Pandemic boosts garlic sales
23 February 2022, NZ: Marlborough growers, brothers Robert Harrison-Jones and Alan Jones, experienced “through the roof” demand for their garlic bulbs when the first bout of the pandemic hit in 2020.
“The first year of Covid, garlic roared out the door,” Robert says.
The family has been growing garlic since the 1970s, the brothers buying the business from the previous generation in 2003, renaming it Garlico because customers struggled to pronounce the previous name, Piquant Garlic. The operation now encompasses 25-ha of garlic, 14-ha of shallots and 20-ha of onion seed each year. Plus, another 35-ha of mustard seed, rye corn and balage.
Marlborough is ideal garlic country with its cold winters, hot summers and fertile soils. Nothing is guaranteed though and last year’s unusually wet winter has had a flow-on effect for this year’s crop of garlic. Wet ground delayed planting around the shortest day and then summer was slower turning on the heat, pushing harvest back a few weeks to the end of January. On the upside, later plantings resulted in a better-formed, albeit smaller bulb.
The business sells its garlic through MG Marketing and Fresh Direct, and it is also included in the home delivery kit, My Food Bag. Robert says sales have settled since the early days of Covid-19, which he attributes to the proliferation of meal ingredient businesses now delivering their kits to homes.
The brothers have their own beehives for pollinating onions.
The brothers grow their own garlic seed, selecting 50 tonnes of medium to large cloves for the next year’s crop. Using their own seed is a necessity rather than a choice as they cannot import new seed from countries such as France due to biosecurity restrictions.
The brothers’ garlic has NZGAP (Good Agricultural Practice) certification that records everything from spraying to employment and is regularly audited. Robert says they can tell customers the day their garlic was harvested and the paddock in which it was grown. Whereas garlic from other countries often has no information on its origin or how it is grown. Robert says some of that garlic can be brought into the country by importers that are NZGAP-approved which enables it to be sold here.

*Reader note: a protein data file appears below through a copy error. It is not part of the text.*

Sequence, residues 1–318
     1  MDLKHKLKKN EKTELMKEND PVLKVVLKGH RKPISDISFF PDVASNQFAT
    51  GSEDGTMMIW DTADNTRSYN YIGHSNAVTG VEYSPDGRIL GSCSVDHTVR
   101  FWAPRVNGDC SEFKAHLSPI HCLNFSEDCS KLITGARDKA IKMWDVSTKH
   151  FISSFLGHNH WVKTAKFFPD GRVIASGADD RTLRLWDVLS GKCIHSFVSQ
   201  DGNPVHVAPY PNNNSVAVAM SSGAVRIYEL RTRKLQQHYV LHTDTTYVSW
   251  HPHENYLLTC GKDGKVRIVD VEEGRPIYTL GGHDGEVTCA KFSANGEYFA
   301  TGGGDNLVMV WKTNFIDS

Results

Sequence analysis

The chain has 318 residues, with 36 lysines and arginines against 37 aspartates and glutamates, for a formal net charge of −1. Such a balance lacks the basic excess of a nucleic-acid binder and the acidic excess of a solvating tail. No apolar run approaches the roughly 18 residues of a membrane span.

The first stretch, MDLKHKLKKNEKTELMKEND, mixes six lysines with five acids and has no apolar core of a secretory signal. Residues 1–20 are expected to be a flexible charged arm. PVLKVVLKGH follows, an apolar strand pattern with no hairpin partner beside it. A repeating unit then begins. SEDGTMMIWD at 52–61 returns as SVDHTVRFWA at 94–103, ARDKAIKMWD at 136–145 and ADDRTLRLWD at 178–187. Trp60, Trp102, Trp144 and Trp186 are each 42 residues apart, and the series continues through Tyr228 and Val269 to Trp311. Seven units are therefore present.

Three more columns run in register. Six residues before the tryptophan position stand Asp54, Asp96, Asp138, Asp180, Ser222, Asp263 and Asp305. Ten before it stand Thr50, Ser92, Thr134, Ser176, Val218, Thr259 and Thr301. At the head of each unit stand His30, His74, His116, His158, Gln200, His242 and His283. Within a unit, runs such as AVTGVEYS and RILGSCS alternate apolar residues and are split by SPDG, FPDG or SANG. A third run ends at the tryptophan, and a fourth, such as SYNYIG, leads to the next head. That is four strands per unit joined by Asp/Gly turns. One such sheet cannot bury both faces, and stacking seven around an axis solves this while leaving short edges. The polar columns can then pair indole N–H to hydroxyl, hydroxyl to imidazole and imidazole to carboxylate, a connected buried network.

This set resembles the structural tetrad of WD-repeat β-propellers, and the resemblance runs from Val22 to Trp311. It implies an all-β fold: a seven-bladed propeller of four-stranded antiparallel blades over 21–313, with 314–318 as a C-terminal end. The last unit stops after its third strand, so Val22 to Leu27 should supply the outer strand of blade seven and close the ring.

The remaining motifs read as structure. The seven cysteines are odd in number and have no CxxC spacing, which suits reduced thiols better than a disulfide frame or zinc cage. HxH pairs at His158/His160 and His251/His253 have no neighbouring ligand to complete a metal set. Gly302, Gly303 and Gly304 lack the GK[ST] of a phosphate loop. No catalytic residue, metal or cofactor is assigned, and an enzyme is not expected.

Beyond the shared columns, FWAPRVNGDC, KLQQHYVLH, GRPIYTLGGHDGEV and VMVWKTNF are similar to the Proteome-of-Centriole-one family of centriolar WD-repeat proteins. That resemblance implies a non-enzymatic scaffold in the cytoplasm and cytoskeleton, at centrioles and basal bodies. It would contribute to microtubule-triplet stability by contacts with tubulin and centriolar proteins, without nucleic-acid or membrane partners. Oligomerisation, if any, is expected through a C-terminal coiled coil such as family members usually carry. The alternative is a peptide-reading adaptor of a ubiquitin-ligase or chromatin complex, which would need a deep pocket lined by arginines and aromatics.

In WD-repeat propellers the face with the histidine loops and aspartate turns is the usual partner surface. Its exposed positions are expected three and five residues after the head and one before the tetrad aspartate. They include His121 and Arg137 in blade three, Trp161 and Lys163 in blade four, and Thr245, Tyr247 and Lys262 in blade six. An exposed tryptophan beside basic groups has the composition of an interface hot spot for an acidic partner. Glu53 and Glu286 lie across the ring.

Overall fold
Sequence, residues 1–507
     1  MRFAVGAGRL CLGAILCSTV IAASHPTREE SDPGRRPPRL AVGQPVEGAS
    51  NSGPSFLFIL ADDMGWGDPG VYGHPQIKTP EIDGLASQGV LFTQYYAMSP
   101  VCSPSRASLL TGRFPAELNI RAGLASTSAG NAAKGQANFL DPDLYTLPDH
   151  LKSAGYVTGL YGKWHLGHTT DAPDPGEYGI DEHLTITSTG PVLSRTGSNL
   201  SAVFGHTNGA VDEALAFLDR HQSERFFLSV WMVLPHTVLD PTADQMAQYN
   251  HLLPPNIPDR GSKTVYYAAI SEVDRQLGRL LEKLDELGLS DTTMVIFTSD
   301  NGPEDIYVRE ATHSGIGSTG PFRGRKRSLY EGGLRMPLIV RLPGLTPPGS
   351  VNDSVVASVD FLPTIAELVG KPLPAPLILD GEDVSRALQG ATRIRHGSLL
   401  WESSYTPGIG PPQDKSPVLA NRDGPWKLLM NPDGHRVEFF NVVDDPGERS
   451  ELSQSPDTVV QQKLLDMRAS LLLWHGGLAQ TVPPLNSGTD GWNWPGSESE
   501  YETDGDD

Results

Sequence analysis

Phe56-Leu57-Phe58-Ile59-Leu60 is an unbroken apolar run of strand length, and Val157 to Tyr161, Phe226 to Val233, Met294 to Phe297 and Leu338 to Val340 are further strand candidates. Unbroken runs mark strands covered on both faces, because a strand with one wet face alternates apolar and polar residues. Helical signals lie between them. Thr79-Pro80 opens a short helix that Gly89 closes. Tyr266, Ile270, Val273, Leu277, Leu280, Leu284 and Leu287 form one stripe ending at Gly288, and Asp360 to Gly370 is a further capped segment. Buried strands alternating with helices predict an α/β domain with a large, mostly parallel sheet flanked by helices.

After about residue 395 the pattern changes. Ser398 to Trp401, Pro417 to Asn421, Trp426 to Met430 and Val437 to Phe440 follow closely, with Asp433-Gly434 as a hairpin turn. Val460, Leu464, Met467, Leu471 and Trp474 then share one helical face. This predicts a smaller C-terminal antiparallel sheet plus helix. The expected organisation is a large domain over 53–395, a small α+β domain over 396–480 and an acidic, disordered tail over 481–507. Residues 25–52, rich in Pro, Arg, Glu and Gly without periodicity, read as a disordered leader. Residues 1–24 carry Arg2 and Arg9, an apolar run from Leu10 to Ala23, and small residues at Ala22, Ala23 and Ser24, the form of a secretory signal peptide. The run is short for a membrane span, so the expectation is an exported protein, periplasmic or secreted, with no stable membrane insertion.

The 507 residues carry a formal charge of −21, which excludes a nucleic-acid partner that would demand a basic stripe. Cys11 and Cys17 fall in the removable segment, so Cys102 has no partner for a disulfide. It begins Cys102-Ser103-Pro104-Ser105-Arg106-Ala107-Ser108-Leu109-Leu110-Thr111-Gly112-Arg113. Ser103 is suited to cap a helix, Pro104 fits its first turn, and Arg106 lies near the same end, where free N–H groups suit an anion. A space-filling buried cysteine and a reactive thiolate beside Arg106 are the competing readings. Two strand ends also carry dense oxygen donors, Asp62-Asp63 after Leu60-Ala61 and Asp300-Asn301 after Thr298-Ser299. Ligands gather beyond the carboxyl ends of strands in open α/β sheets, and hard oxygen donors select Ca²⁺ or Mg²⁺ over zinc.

Apart from a pre-emergent spray on the paddocks to get the young garlic growing, the crop is spray-free, and though there are biological options if pests invade, Robert and Alan focus on keeping the plants healthy.
“If you keep the plants healthy, the pests don’t attack,” Robert says. “It’s about keeping the water up and keeping the nutrients up.”
Alan says ladybirds do a good job and are a better option than opening pesticides. “We saw a lot of aphids one year and just left it to the ladybirds.”
All of their crops are grown on leased land around the region and they are constantly on the look-out for fresh land to plant. It is an increasing challenge to find land to lease as grapes spread further up the valleys. On the plus side, their contracting business benefits by preparing land for grapes and that work fills the gaps between their own crops.
These days their garlic is all harvested by machine. The obvious advantage is less staff, with just eight people employed through harvest to operate machinery, shift bins around and grade the bulbs. A bunch of locals including family and students, plus the occasional backpacker, join the team of three permanent staff.
Hand harvesting meant the garlic originally dried in the paddock, with nothing left behind. Now the harvester cuts the green tops off the plants, then staff grade the bulbs and place them into bins that are block stacked in large open sheds. Huge fans dry them out for up to ten months of the year. It costs $100,000 a year to run the fans and keep the garlic dry and healthy for their markets.
Robert and Alan with the tail end of last season’s garlic as they gear up for the new season.
Robert says the trick is to leave bins of garlic alone because any movement “wakes them up”, prompting them to sprout. Another trick is not to cut off the bulb’s entire root as it causes it to sprout in preparation for planting.
Garlico sells the bulbs in 10kg cartons and smaller pre-packs, sending them out five days a week so that customers get the piquant bulbs “little and often.”
Prices have remained relatively stable over the past eight years, typically selling for around $15/kg – apart from the spike experienced during the first lockdown last year. It means margins are tighter, which are thankfully alleviated by the higher returns the Jones receive from their shallots.
Shallots are a trickier crop and Alan admits there have been a few disasters over the years due to weather, ground conditions or disease. The plants are more susceptible to mildew and pests, needing chemicals to keep them at bay. It is a challenging crop and the knowledge they have built up over the years are secrets they keep close to their chest. Seed is expensive so they have to get it right, but good returns make the extra effort worthwhile. It also diversifies the business, and the growing pattern of the crop fits well with garlic as the shallots are planted in September and then harvested toward the end of February when the garlic has been lifted.
Part of the shallot crop is exported to Australia and the United States where they are more commonly used in restaurants rather than home cooking. Robert says the proliferation of TV cooking shows has contributed to teaching people how to use them, but they are still not widely used in a home-cooked meal.
“People only pick them up from the supermarket if they have a recipe,” Alan says.